After capturing their first ACC championship since 2014, the Blue Devils are back in stroke play action and looking to go two-for-two in postseason play with a victory at the NCAA regional.

The last time Duke accomplished such a feat, it went on to win its sixth national championship.

The Blue Devils will travel to Albuquerque, N.M., to compete in one of four NCAA regional contests held throughout the country Monday through Wednesday. Duke earned the No. 3 seed in the 19-team event and will tackle 54 holes at The Championship Golf Course at the University of New Mexico in hopes of earning a spot in the NCAA championship field.

All No. 9 Duke needs is a top-six finish to advance to the postseason’s final test later this month, as the six lowest-scoring teams at the regional—along with the three best individuals not on those teams—will advance to the national championship held May 19-24 in Sugar Grove, Ill. But head coach Dan Brooks and his players have much loftier goals than that cutoff this week.

“It’s always about winning. That’s the only way we ever think, so it’s not like I have to worry about explaining that to them,” Brooks said. “We don’t do anything other than try and win everything we play in. And then when you do that, you do it so it’s the only way you think when you get to regionals. If we don’t win it... we’re not going to be excited.”

That attitude has allowed the Blue Devils to find success throughout the spring and carry plenty of momentum into Monday’s round, as the team rides a streak of two straight tournament victories and has not finished worse than third in 2017. Duke has not faced stroke play competition since winning its conference championship April 13-15, but filled the three-week gap by teeing up in the Northwestern Quad match last weekend, where it earned a 4-1 match play victory against then-No. 5 Florida State.

Leona Maguire will lead the Blue Devil charge in top form, as she has captured two consecutive individual titles heading into the NCAA regional with victories at the LSU Tiger Golf Classic and ACC championship. The junior is the team’s scoring average leader by nearly three strokes—averaging 69.7 shots per round—and has not finished lower than a tie for sixth in eight starts this season while being outscored by just 12 of the 556 other golfers she has competed against.

“The state of her game is great,” Brooks said. “Leona never gets very far off, but I’ve been watching her train and practice. For the most part I just let her go, but I keep my eye on her just to see if she’s staying on track and actually getting better with the way she’s doing things. She’s got a good swing going on right now.”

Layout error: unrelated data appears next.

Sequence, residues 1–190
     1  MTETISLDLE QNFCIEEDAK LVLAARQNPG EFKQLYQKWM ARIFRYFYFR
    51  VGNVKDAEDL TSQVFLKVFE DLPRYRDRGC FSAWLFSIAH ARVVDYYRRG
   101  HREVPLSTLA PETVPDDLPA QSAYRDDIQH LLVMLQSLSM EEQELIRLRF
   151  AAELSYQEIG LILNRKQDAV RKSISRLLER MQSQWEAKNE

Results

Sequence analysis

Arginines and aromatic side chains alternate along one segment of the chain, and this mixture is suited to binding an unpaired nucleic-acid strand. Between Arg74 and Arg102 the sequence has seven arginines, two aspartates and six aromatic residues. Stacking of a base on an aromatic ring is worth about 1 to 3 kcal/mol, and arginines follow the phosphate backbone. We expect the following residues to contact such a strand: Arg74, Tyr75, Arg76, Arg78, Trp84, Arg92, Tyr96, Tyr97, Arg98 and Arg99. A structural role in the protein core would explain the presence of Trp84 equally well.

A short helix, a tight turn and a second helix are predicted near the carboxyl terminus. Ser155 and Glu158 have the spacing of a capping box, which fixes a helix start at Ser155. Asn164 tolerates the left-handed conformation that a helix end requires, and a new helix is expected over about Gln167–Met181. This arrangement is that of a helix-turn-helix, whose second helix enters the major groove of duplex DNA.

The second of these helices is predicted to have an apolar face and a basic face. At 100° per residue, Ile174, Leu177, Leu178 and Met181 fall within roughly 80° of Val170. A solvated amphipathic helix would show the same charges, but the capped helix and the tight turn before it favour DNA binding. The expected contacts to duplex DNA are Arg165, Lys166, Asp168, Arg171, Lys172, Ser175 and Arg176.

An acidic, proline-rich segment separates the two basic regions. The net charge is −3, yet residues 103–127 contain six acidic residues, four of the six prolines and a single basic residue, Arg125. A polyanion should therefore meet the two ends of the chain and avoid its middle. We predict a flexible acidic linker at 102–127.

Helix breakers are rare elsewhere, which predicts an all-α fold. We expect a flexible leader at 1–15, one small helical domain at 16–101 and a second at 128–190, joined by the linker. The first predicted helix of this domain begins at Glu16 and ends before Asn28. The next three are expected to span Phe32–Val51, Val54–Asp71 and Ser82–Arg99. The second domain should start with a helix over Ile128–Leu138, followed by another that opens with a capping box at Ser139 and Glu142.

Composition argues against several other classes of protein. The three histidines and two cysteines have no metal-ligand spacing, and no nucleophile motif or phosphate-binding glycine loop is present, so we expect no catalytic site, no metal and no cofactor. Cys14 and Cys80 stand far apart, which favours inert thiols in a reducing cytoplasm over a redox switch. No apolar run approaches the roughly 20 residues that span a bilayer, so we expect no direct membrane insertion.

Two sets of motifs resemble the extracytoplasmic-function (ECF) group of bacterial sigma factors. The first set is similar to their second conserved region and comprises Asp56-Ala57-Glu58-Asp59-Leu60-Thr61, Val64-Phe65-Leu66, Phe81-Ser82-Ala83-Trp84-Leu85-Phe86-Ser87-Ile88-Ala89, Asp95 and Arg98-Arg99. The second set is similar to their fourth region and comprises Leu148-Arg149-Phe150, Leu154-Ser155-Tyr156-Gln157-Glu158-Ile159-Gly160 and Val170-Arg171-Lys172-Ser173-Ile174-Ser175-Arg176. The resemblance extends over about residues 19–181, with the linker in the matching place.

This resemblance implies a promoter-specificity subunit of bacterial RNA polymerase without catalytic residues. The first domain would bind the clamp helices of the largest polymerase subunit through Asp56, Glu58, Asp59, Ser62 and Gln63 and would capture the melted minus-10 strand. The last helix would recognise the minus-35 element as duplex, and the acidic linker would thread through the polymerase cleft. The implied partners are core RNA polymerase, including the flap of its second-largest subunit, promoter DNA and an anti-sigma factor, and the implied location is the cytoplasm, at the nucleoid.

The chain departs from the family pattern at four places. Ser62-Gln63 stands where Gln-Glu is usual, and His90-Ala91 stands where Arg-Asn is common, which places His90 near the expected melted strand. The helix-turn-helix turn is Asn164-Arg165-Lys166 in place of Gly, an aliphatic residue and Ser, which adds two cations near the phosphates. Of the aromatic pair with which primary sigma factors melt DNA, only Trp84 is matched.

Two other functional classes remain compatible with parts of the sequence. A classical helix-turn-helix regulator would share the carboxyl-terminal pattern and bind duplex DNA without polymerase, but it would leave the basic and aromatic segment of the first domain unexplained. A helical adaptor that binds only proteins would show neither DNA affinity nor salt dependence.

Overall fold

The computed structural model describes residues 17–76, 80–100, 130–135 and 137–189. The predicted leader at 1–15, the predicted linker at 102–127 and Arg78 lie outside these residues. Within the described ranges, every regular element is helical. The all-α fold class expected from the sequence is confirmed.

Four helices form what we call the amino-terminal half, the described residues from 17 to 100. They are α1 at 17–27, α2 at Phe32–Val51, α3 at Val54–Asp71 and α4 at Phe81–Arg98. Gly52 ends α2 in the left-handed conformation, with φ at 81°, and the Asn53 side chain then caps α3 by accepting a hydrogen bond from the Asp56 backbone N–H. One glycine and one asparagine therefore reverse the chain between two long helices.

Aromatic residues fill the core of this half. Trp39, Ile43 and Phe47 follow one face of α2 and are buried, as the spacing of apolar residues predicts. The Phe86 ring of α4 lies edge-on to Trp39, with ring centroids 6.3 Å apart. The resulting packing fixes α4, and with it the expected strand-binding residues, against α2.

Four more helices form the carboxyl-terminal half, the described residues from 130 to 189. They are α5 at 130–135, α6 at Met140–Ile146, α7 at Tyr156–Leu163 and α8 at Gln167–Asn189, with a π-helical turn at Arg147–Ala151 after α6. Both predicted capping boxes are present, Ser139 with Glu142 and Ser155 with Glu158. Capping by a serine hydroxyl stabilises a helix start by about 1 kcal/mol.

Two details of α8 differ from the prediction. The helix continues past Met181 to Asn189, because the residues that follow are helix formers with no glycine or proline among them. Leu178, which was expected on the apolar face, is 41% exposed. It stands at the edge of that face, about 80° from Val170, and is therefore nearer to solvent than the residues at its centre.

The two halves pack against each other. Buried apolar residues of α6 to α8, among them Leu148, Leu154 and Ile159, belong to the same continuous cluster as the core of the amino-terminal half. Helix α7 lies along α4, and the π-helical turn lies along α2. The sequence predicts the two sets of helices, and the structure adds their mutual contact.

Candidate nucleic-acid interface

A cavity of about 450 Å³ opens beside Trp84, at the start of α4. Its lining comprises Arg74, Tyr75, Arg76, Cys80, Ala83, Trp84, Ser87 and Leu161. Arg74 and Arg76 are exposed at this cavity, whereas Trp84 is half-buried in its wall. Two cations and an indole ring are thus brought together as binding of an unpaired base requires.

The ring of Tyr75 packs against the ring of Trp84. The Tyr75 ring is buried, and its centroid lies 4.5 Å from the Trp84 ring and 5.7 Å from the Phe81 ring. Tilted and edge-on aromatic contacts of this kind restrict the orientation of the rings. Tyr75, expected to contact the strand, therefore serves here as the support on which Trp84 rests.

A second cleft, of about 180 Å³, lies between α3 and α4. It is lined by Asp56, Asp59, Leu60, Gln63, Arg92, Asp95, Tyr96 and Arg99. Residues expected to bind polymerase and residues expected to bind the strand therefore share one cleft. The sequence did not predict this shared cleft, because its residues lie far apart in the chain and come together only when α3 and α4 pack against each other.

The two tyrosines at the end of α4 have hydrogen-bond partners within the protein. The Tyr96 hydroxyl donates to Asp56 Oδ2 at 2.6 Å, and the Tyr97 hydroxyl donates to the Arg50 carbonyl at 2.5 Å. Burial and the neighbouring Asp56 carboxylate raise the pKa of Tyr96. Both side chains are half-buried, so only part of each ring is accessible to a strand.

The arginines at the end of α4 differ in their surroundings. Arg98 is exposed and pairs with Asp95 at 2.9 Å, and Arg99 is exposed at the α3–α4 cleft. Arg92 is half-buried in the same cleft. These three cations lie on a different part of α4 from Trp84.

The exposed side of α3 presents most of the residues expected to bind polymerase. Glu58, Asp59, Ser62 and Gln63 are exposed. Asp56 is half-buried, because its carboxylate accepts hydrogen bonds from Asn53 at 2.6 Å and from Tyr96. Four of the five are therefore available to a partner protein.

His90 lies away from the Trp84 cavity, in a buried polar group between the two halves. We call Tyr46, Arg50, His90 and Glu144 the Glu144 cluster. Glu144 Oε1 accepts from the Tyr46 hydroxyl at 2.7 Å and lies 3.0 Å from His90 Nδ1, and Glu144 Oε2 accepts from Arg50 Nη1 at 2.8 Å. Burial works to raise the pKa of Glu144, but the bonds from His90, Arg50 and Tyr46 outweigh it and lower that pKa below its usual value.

Hailing from Udine, Italy, sophomore Virginia Elena Carta will play in her second regional after tying for seventh in last year’s event in Baton Rouge, La. Carta did not compete in the team’s match against the Seminoles, but she will tee off Monday riding two straight top-20 finishes, highlighted by a tie for second at the LSU Tiger Golf Classic that included a season-low round of 67.

Sandy Choi has an excellent history at NCAA regional events and will look to continue that success at The Championship Golf Course. The senior, competing in her fourth regional, has not finished worse than a tie for 14th in the postseason’s penultimate competition, with her best finish—a tie for fourth—coming last year. Choi also notched a tie for fourth at last month’s ACC championship with rounds of 71, 73 and 71 before going on to win her Northwestern Quad match 6-and-4, the largest margin of victory for any Duke player.

“What makes her play so well in a sport like this is that she has impeccable rhythm in her swing,” Brooks said. “If your rhythm changes when you get wound up and it slows down when you calm down, now you’re not playing with the same swing and that affects your golf. Now she—no matter what’s going on with her—is able to keep the same physical motion, the same rhythm, and that is her great asset and that’s why it stands up when the pressure’s on.”

Standing in the Blue Devils’ way will be five other top-25 teams, including No. 3 Stanford and No. 10 Southern California, which occupy the event’s top-two seeds. Fellow ACC competitors No. 15 Miami and No. 19 N.C. State will also make the trip west.

Freshman Ana Belac and junior Lisa Maguire will complete the Blue Devils’ lineup on the par-72 course. Belac is coming off a tie for 14th, two-over-par result at the ACC Championship and halved her match against Florida State’s Lydia Gumm last weekend. Maguire picked up a point in the Northwestern Quad but has not represented Duke in a stroke play event since early March, beating out Gurbani Singh in the team’s qualifying rounds to earn a spot on this week’s roster.

In The Championship Golf Course, the Blue Devils face the longest track they have seen all season at 6,637 yards, though Albuquerque’s 5,300-foot elevation will allow golf balls to fly farther and prevent the course’s length from being a significant obstacle. The last time Duke played the course was at the 2008 national championship, which Brooks said he remembers most for extreme winds the players faced that suspended competition at one point.

“You need to be able to place the ball. It’s got some landing areas that will kick it here and there so we’re going to be needing to pay attention to the details of the golf course,” Brooks said. “It’s a good championship course. That’s why they’ve hosted nationals there. It’s that level of a golf course.”